HM Treasury has just announced a change to the Job Support Scheme which comes into force from 1 November for the whole of the UK. Previously, employees had to be working 33% of their hours to qualify, with the employer then picking up 33% of the cost of the unworked hours, and the Government paying

With a second wave of the COVID-19 pandemic seemingly well underway and restrictions tightening across the country, it is without doubt that remote working will continue to be the norm for many employees for the foreseeable future. The potential issues this raises for employers in relation to data security and the protection of confidential information

As a result of the COVID-19 pandemic, the UK Government made the decision to delay the implementation of IR35 reforms to the private sector from April 2020 until April 2021 (see our previous blog post on this here). As a reminder, the IR35 reforms (commonly referred to as the “off-payroll working rules”) are intended to apply to any individual who, but for the supply of their services through an intermediary, would otherwise be an employee of the end-user client receiving the service. These rules will impact medium and large businesses in their role as the end-user client. From 6 April 2021, private sector businesses will become responsible for determining the employment status of contractors, regardless of whether they supply their services through a personal service company directly to the end-user or via an agency. The new rules will effectively see a shift in current responsibility on status determination, from the contractor to the end-user client. The changes will not apply to small businesses that engage contractors through an intermediary.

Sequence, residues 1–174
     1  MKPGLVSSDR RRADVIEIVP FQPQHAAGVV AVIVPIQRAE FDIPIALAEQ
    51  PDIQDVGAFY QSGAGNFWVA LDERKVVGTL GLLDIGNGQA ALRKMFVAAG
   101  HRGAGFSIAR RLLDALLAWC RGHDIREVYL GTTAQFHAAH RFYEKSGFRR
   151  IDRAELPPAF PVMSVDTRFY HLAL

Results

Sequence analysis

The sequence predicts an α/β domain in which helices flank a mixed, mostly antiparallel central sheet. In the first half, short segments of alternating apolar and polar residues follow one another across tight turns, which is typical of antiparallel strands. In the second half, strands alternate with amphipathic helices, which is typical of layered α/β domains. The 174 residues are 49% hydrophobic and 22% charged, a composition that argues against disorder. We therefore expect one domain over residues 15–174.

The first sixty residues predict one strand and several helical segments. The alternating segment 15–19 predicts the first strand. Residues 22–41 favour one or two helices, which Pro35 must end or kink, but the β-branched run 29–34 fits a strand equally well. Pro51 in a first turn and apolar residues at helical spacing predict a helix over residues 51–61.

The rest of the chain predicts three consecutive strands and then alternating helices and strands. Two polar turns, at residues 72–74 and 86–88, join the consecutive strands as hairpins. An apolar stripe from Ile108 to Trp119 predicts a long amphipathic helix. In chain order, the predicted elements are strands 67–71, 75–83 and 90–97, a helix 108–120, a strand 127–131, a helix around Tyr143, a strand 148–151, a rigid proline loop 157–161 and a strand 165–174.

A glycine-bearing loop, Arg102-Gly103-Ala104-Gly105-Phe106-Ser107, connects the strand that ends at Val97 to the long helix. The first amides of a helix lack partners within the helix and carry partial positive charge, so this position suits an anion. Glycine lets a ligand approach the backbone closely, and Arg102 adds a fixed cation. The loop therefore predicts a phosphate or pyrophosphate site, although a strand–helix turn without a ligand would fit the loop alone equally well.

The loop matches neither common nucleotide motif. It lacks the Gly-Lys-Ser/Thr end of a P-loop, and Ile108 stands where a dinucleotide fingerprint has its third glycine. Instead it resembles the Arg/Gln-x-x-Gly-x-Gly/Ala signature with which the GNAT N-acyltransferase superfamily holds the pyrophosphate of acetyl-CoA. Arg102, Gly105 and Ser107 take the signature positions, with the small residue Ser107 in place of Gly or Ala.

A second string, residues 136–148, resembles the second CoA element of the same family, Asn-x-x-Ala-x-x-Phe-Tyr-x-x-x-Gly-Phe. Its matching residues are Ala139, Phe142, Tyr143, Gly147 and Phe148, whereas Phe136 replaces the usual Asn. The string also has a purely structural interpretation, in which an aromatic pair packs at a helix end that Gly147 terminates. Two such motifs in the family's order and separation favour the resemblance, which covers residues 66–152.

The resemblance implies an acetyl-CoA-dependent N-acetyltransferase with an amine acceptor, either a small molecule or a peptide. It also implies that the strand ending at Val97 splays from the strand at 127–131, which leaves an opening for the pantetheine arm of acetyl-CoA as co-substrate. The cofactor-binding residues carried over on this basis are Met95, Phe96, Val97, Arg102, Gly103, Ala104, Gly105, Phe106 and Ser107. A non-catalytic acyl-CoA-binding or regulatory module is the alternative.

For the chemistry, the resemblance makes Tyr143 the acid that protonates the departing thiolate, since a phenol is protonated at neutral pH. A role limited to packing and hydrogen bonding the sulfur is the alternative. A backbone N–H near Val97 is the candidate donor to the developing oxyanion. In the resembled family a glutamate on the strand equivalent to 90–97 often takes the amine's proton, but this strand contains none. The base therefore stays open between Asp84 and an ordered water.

Continue Reading IR35 reforms update: Make sure you are ready for 6 April 2021

The Job Security Scheme – announced 24 September 2020

The Chancellor has announced his “Furlough 2.0” – a wage subsidy programme called the Job Support Scheme (“JSS”). The aim, of course, is to help UK employers weather the continuing COVID-19 storm, with the hope of saving jobs or at least staving off mass redundancies when

The topic of employers looking to change employment contract terms is becoming increasingly important as we move towards the end of the Coronavirus Job Retention Scheme (CJRS) and beyond. This article provides a brief summary of the key steps involved in implementing contractual changes, in particular, in a dismissal and re-engagement scenario.

The UK unemployment

New legislation came into force on 31 July 2020 to ensure that employees who are on furlough will be entitled to receive their statutory redundancy payments based on their normal wages, rather than on any reduced salary while on furlough. However, there has been no change to the cap on a week’s pay for the

In a world where we can no longer host in person events without following all of the latest government guidelines on social distancing, use of face masks and providing a bucket-load of hand sanitizer, online learning tools such as webinars, podcasts, blogs and vlogs, are having their time in the limelight. With this new era, comes new opportunity.
Continue Reading UK Employment Law podcaster Nicholas Robertson hosts pandemic related broadcasts produced by the Employment Lawyers Association and the Industrial Law Society

On Friday 26 June 2020 the UK Government published the Third Direction, which is the legislative update for the Coronavirus Job Retention Scheme. In particular, it implements the flexible working arrangements which are permitted from 1 July 2020 under the Furlough Scheme.

We have now reviewed this Direction in full and provide a summary of